ORLANDO -- A new strategy to boost international visitation set forth by the Commerce Department signals that government considers tourism to be a national priority, said travel industry leaders who gathered for the annual IPW conference.
It also reflects vast social changes since the last tourism strategy launched in 2012.
The plan, unveiled here June 6, aims to help the industry recover from its disproportionate pandemic-era hit by removing barriers to entry and promoting the U.S. abroad in order to achieve a goal of 90 million international visitors spending about $279 billion annually by 2027.
The plan differs from the strategy put in place by the Obama administration, with a focus on diversity, equity and inclusion and robust consideration of the climate.
"This one addresses things that are top of mind within the industry, all the things the industry is being held accountable for," said Chris Thompson, CEO of Brand USA, the public-private agency responsible for marketing the U.S.
The strategy's visitor target is notably lower than the one set in 2012 of 100 million, but the spending goal is up.
Thompson said that takes into account the pandemic impact but also that when the target was 100 million visitors, the $250 billion annual spending target was achieved before the visitor goal, which was never hit.
"They thought it was going to take more visitors to get to the spend, and we ended up getting a better mix of visitors who spent more," Thompson said.
"Our goal is not to host everybody in the world. Our goal is to maximize travel and tourism as an export. And so if you're going to hit one of the goals, the money goal is the one you're trying to hit."
Changes in the last decade
The plan reflects a nation that has been changed over the past 10 years by the pandemic, the Black Lives Matter and #MeToo movements and a magnitude of calamitous climate events.
"So many things have happened since the first plan was put together as relates to not only a global pandemic but intergenerational social unrest, generational political unrest, lots of things that changed the world," Thompson said.
The strategy aims to extend the benefits of travel and tourism by supporting diverse tourism products and focusing on underserved communities and populations.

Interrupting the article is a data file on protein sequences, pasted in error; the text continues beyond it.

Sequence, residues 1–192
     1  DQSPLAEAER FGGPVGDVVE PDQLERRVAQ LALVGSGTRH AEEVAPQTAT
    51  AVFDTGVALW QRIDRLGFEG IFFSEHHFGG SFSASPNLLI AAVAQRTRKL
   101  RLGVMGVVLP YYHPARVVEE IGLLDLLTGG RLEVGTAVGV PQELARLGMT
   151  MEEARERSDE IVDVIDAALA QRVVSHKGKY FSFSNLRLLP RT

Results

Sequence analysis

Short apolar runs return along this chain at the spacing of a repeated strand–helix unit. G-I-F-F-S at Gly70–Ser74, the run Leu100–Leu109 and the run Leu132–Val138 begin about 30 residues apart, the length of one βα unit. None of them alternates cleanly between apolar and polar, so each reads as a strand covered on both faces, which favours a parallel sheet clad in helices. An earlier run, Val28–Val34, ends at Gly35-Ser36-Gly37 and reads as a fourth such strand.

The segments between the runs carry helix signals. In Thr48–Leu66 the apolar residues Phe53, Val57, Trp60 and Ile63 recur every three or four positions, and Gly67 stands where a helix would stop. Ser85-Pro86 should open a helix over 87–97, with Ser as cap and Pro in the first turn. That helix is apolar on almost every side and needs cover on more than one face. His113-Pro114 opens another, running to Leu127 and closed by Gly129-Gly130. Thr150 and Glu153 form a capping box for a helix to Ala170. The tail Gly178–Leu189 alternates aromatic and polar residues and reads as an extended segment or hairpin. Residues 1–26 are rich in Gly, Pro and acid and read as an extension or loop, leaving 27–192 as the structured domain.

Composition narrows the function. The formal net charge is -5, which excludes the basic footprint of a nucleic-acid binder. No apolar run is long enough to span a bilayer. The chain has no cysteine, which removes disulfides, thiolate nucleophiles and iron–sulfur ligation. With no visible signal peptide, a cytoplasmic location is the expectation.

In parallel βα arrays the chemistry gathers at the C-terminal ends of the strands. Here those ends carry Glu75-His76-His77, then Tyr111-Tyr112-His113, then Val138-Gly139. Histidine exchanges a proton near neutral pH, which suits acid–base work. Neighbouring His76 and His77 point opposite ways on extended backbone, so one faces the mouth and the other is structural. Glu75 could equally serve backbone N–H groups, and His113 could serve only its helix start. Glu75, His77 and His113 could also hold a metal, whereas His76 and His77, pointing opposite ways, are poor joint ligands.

That includes attracting a "diverse workforce" by emphasizing recruitment from a variety of higher education institutions such as historically Black colleges and universities and those serving Hispanic, Native American and Alaska Native peoples.
The plans also suggests supporting federal hiring, internship and volunteer programs and investments in employee housing and training.
The focus on hiring also reflects the current staffing crisis.
"The pandemic rocked our labor world," Thompson said. "The plan made that a priority because our industry is so labor intensive, at every level."
The strategy aims to reduce travel and tourism's contributions to climate change and also build a tourism sector resilient to natural disasters and climate impact.
For example, it calls for measuring and setting science-based emissions reductions and net-zero targets throughout the travel sector and investments in electrical vehicles, public transit and more bike paths and walkways in visitor areas. It also aims to identify opportunities for ecotourism to support conservation and restoration efforts.
What hasn't changed is Brand USA's role in marketing the nation abroad.
"It revalidates the commitment to Brand USA and the way we've evolved since the first plan and how we're continuing to evolve," Thompson said.
Outgoing U.S. Travel CEO, Roger Dow, at IPW. Photo Credit: TW photo by Johanna Jainchill
Goals that light a fire
Both Thompson and Roger Dow, the outgoing CEO of the U.S. Travel Association, said that the most significant aspect of the plan was its goals.
"The most important thing is that [Commerce] put a stake in the ground of how many visitors they want," said Dow. "That's the only way you rally people."
Dow said that a mandate from the White House prompts interagency cooperation, such as from Homeland Security and the State Department, and inspires agencies to act to solve problems. One such issue is the backlog in visa-processing times, which Dow called "totally unacceptable." Wait times in some countries to get an interview exceed one year.
"When they set a goal and try to hit it -- and it becomes important to the president -- people start scrambling and doing things," Dow said.
Thompson said the visitor and spend targets give Brand USA a "new North Star" and signals the administration's understanding of tourism's value.
"The fact that we have a second version of the plan, the fact that it's a priority, is the big news," he said. "And it's going to be very prescriptive and helpful as we try to figure out what the next normal looks like with our industry being disproportionately affected by the pandemic."